In a recent House Subcommittee on Early Childhood, Elementary, and Secondary Education hearing, Representative Burgess Owens boldly claimed that the United States has banned the Bible since 1963. This assertion comes as part of a broader discussion on removing “explicit” content from school libraries, which has sparked considerable controversy.
Book Banning Debate Heats up in School Libraries
Owens began his statement by saying, “Some say that we are here today to talk about so-called book burning in K–12 school libraries.”
Owens’ Bold Claim
Holding up a copy of the Bible, he stated, “One of our nation’s most consequential books, banning was done by the Supreme Court in 1963 when officially it mandated the Bible reading, this book, is banned from all of us.”
He went on to emphasize that, due to this alleged ban, generations of Americans lack knowledge of the foundational principles that built the nation.
Supreme Court Bible Ban Debunked
Owens is referencing the Supreme Court’s 1963 ruling in Abington School District v. Schempp.
Contrary to his claim, this decision declared school-sponsored Bible readings unconstitutional under the Establishment Clause of the First Amendment but did not ban the Bible from schools.
Combatting Explicit Content in Schools
The hearing, titled “Protecting Kids: Combatting Graphic, Explicit Content in School Libraries,” saw Republican members and witnesses objecting to people calling efforts to remove “inappropriate” materials as “book banning.”
Republicans Reject Book Banning Label, Cite Online Availability
They argued that many of the books in question remain widely available online, in stores, and in public libraries.
The hearing also witnessed attempts to distance themselves from allegations of anti-LGBTQ+ bias, even though they referenced LGBTQ+ books as examples of “sexually explicit” or “pornographic” material.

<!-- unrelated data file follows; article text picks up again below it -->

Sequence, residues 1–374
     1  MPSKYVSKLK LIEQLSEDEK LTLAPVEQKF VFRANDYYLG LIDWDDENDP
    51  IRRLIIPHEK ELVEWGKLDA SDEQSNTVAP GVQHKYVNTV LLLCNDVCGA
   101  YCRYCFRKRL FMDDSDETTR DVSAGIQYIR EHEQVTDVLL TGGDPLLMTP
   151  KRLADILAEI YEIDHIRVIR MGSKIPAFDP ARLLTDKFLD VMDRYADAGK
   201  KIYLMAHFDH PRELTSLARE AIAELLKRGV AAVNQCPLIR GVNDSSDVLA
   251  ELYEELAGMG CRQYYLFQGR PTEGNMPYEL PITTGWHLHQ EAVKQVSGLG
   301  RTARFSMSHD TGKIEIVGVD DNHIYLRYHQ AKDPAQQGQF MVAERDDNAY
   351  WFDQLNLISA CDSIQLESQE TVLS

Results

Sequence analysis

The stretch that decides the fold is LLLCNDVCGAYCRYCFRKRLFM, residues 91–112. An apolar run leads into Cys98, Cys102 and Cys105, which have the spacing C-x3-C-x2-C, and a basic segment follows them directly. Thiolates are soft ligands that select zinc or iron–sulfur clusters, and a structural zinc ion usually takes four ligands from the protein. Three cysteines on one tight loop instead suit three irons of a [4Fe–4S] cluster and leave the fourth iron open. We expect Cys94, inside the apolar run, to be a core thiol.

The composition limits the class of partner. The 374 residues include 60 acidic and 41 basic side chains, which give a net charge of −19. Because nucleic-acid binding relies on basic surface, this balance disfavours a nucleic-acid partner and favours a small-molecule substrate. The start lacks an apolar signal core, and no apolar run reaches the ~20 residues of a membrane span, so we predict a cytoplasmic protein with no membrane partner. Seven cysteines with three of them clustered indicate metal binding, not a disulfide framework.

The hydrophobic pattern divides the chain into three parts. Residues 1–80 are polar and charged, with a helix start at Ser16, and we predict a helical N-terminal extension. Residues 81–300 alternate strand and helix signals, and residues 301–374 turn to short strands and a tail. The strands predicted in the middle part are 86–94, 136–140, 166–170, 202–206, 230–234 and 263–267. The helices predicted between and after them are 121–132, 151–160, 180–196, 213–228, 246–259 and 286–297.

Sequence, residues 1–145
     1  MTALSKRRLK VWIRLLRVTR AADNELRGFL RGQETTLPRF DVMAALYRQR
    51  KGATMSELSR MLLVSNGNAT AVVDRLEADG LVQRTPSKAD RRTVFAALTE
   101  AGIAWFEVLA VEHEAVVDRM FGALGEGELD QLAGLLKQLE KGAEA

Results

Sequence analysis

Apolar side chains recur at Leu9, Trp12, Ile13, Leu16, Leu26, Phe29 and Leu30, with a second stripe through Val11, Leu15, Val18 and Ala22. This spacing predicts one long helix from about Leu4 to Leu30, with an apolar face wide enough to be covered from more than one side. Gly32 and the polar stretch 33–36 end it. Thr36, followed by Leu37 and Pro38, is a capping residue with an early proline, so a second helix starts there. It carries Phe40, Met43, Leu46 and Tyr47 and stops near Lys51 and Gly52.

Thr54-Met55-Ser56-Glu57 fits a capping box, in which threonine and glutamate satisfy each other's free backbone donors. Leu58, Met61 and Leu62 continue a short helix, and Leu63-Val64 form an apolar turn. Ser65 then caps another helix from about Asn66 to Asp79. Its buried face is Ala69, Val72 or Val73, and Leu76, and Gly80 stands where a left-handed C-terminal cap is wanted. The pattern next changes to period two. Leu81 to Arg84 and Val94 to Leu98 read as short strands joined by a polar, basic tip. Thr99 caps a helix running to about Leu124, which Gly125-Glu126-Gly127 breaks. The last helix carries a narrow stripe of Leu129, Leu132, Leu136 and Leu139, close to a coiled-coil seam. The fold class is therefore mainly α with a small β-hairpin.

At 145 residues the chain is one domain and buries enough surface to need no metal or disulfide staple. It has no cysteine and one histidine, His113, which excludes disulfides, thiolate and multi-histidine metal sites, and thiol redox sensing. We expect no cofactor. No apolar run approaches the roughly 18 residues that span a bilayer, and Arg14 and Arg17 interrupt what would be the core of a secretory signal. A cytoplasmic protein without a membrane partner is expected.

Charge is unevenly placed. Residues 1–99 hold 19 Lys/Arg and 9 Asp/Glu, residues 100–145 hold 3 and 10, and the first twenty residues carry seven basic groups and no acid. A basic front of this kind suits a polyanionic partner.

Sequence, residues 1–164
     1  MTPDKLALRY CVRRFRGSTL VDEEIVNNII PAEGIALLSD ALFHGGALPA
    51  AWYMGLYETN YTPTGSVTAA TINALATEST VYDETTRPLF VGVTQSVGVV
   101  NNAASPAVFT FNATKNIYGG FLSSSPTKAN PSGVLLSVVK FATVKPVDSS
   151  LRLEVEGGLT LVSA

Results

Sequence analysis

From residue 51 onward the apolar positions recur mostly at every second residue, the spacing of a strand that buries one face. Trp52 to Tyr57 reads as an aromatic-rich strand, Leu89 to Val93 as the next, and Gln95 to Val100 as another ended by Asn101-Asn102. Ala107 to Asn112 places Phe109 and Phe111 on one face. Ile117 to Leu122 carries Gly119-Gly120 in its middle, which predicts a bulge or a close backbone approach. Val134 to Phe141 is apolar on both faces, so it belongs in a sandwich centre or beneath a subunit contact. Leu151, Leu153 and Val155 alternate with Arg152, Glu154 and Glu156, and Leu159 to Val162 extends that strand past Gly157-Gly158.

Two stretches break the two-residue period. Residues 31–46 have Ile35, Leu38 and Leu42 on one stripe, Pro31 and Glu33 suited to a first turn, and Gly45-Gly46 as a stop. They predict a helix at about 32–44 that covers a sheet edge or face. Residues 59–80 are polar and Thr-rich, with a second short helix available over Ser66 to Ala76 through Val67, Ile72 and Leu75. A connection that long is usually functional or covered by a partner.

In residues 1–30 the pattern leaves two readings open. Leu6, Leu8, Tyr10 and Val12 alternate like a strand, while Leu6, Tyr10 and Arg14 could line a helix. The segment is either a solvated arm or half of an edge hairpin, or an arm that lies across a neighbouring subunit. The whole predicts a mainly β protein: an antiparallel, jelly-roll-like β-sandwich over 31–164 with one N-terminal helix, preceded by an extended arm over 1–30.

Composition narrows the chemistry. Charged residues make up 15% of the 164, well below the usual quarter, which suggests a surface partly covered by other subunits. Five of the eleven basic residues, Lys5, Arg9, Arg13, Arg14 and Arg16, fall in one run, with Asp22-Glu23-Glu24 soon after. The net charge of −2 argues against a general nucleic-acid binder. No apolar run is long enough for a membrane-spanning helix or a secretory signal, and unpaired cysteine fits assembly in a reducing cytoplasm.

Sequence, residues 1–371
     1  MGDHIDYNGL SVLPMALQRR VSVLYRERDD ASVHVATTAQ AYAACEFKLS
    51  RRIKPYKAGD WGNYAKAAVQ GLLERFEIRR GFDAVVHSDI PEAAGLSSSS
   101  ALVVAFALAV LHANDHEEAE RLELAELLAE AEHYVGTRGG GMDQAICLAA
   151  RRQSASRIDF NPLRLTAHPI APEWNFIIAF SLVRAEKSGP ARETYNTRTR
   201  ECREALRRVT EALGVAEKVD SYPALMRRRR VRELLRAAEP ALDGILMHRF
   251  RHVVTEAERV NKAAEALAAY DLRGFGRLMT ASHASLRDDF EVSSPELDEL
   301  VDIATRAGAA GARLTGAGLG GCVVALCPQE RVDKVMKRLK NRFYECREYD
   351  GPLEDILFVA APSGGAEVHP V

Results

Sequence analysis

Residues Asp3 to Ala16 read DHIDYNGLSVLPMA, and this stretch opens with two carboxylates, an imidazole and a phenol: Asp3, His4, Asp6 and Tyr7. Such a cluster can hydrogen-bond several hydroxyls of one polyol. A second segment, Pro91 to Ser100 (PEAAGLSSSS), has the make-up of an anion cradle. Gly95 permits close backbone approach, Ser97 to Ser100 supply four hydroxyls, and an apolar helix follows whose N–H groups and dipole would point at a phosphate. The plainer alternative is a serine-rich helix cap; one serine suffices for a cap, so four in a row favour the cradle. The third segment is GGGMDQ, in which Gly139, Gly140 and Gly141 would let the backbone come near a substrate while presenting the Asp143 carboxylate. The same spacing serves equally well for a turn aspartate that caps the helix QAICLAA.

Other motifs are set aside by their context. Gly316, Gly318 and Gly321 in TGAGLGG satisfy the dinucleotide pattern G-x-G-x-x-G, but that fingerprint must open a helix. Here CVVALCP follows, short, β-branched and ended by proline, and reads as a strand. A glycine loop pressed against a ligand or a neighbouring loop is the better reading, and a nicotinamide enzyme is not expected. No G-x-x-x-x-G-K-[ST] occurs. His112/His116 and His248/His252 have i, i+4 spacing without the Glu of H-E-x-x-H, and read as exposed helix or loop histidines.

Media Accused of Distorting the Book Ban Issue
Representative Aaron Bean, the subcommittee’s chairman, stated, “Today, the Committee will set the record straight for the American people: inappropriate books are in school libraries, and local communities are within their rights to remove them.”
He blamed the media for distorting the issue and creating public outrage.
“Gender Queer” and Children
In her testimony, Lindsey Smith, chair of the Montgomery County, Maryland chapter of Moms for Liberty, singled out the book “Gender Queer,” suggesting that even children “as young as three” were being exposed to such content.
She emphasized that the matter wasn’t about sexual orientation but rather about protecting children’s innocence.
Defining Book Bans
Ranking committee member Suzanne Bonamici criticized House Republicans for introducing the “Stop the Sexualization of Children Act,” describing it as a blueprint for book bans.
LGBTQ+ Themes in the Crosshairs
She pointed out that a significant portion of the banned content focuses on LGBTQ+ themes and characters and characters of color.
Implications of Banning Books
Dr. Jonathan Friedman, director of free expression and education programs at PEN America, refuted conservative claims that they are not banning books.
He argued that if a student loses access to a book due to a challenge over its content, ideas, or themes, that book is effectively banned for that student.
First Amendment Rights at Risk
Friedman highlighted the potential threat to students’ First Amendment rights and the broader implications of banning books with diverse protagonists and themes.
The Bigger Picture
Friedman’s testimony highlighted the high stakes in the ongoing book-banning discussions, emphasizing the importance of a diverse society that “upholds our traditions of freedom and democracy.”
Parental Rights vs. Censorship
It’s a debate that raises questions about the scope of parental involvement, the role of public education, and the preservation of First Amendment rights.
What’s Appropriate for Young Readers?
The hearing underscored the ongoing battle between those advocating for parental rights and those concerned about censorship and its impact on education.
Education and Expression in America
The controversy continues to fuel debates about what is appropriate for young readers and who gets to decide.
It’s a debate that shows no signs of waning and continues to raise questions about the future of education and freedom of expression in America.
The post Congressman Alleges Bible Ban in the USA Since 1963: Separating Fact From Perception first appeared on Fistful of Dollars.
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